Configuring the BIG-IP and PHP "Hack-It-Yourself" Auction Site

I've been writing a series of articles on the features and capabilities of the BIG-IP are the links for your reading pleasure:

  1. What Is The ASM?
  2. Policy Building
  3. The Importance of File Types, Parameters, and URLs

In those articles I've used a fictitious auction site to test the ASM. Several people have inquired about this auction site and they wanted to know how to configure it so that they could get their own hands dirty with testing and configuring their ASM. Well, this article outlines the steps needed to get your own BIG-IP ASM and PHP Auction site up and running. Then, it's up to you to try out all the cool features of the ASM.


Required Software

I used virtual machines to set up and configure the BIG-IP and the auction site. You can use whatever hypervisor you want, but for the purposes of this article, I'll show you how it's done using VMware workstation. So, here's the list of software you will need to make all this happen:

  • VMware Workstation (free trial available here). I'm using a Windows PC, but you can use Linux if you want.
  • BIG-IP Virtual Edition (make sure you have the ASM module).
  • The PHP Auction Site VMware files.
UPDATE:  The Google Drive folder that has all the download files is here:


Caveat: This article assumes you already have a licensed and configured BIG-IP system, so I will just focus on the PHPAuction side of things. If you don't have the BIG-IP Virtual Edition, contact your sales rep and ask for a copy. Also, if you need help licensing and configuring the BIG-IP Virtual Edition, check out these solutions on AskF5:


Virtual Network Configuration

Before loading up the PHP Auction site, you need to complete the following steps to configure the VMware Workstation Virtual Network Editor (shown in the picture below). If you have already set up your BIG-IP Virtual Edition, you may have already stepped through this configuration. If that's the case, you will want to make sure the settings for your VMnets are the same as the settings shown below.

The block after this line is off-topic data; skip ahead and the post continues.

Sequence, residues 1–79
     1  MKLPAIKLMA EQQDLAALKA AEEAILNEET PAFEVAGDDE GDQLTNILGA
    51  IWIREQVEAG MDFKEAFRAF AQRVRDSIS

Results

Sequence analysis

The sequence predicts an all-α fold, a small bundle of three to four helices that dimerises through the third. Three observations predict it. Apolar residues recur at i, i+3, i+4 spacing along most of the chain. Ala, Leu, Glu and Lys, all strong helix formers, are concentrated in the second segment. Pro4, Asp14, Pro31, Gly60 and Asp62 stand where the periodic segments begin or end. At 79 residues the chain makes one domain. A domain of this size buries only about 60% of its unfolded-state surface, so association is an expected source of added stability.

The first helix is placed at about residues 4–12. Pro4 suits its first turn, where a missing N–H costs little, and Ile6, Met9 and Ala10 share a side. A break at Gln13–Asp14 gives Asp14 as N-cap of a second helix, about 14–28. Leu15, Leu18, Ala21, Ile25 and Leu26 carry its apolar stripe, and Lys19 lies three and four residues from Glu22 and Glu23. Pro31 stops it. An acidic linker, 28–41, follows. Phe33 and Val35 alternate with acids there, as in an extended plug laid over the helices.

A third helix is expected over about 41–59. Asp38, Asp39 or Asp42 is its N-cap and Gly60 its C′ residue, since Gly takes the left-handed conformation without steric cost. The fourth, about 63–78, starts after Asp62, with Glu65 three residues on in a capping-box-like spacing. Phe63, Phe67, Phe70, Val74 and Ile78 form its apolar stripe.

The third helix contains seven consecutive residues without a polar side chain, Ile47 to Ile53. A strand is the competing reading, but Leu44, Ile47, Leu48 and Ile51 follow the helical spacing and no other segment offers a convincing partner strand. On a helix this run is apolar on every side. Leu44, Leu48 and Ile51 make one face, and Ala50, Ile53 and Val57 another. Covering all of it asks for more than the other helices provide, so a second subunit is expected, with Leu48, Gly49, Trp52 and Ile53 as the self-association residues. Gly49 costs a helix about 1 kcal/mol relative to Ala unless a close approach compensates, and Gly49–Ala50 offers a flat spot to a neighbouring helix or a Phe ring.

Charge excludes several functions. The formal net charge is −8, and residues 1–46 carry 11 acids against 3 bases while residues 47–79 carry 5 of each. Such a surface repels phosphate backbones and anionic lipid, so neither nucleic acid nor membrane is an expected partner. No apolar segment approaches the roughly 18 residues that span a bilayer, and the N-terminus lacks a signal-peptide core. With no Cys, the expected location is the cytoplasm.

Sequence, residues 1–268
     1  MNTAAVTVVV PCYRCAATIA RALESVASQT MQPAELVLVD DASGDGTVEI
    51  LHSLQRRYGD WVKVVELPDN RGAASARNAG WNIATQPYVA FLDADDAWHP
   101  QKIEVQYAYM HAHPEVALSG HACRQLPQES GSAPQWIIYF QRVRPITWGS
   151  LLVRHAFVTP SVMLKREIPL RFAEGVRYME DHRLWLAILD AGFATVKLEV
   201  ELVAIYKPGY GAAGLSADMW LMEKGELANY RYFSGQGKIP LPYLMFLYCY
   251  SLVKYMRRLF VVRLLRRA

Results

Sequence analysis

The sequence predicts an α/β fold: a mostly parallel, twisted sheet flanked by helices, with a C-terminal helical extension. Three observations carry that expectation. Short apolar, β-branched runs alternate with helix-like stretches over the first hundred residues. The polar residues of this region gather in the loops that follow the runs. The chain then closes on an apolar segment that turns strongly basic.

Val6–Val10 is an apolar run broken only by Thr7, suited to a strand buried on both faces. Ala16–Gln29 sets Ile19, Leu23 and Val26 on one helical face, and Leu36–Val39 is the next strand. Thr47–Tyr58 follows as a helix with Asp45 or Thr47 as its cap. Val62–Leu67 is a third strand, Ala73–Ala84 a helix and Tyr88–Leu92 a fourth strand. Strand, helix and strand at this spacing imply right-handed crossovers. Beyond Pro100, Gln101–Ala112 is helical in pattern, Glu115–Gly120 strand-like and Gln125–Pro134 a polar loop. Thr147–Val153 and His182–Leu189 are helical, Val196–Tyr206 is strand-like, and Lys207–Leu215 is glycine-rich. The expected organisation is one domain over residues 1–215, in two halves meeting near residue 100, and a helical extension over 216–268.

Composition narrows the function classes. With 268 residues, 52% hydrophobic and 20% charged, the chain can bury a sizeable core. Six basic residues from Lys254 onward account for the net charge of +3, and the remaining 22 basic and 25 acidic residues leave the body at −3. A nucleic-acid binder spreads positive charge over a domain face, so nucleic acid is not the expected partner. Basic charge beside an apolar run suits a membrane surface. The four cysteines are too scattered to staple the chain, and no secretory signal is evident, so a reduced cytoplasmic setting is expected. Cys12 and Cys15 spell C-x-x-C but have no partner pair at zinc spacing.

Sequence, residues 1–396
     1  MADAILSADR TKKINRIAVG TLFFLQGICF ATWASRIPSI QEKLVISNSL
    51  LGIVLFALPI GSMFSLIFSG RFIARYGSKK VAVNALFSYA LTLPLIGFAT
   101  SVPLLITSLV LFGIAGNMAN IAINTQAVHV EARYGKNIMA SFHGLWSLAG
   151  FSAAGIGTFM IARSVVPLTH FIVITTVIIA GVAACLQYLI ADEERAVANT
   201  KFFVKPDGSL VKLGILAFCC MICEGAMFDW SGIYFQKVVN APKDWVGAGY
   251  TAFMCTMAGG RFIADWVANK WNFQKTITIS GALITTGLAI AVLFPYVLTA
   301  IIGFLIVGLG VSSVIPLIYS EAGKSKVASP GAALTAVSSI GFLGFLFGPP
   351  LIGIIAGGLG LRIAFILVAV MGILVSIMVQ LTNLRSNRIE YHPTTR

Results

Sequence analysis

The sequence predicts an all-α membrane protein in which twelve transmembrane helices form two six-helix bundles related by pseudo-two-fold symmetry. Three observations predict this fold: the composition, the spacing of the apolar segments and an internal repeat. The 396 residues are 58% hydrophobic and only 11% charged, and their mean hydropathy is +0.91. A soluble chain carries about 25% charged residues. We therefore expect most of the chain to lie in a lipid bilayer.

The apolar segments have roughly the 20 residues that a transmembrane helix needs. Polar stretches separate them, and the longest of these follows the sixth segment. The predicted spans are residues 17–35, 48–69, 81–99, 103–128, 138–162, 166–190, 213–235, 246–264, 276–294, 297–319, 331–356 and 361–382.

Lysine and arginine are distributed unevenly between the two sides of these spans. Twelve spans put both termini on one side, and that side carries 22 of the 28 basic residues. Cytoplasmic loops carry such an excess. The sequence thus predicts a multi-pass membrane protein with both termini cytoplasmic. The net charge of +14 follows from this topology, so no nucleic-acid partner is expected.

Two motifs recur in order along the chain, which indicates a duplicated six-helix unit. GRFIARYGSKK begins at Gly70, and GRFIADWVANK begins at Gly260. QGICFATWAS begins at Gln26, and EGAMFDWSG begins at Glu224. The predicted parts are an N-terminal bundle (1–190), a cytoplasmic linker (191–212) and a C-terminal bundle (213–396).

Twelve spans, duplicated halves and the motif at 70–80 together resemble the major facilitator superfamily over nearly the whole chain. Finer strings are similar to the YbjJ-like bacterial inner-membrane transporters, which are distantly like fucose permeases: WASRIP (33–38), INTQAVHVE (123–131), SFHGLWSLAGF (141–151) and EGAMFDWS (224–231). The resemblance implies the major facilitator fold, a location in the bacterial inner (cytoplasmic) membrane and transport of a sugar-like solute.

• Delete any existing VMnets EXCEPT for VMnet0
  • Click the "Add Network" button, and add VMnet1, VMnet2, and VMnet3



VMnet0 Settings

Since you kept the VMnet0 settings, you don't have to do anything else with that one. Here's a quick screenshot of the VMnet0 settings:




VMnet1 Settings

After you confirm the VMnet0 settings, select VMnet1 (this net will act as the out of band management) and configure it as follows:

  • Select the Host-only (connect VMs internally in a private network) option
  • Select the "Connect a host virtual adapter to this network" checkbox
  • Clear the "Use local DHCP service to distribute IP address to VMs" checkbox
  • For the Subnet IP, enter and for the Subnet mask enter




VMnet2 Settings

After you confirm the VMnet1 settings, select VMnet2 (this will act as the external VLAN for access to and configure it as follows:

  • Select the "NAT (shared host’s IP address with VMs)" option
  • Select the "Connect a host virtual adapter to this network" checkbox
  • Clear the "Use local DHCP service to distribute IP address to VMs" checkbox
  • For the Subnet IP, enter and for the Subnet mask enter
  • Click the "NAT Settings" button
    • For the Gateway IP enter and then click OK.



VMnet3 Settings

After you configure the VMnet2 settings, select VMnet3 (this will act as the internal VLAN where the server image exists) and configure it as follows: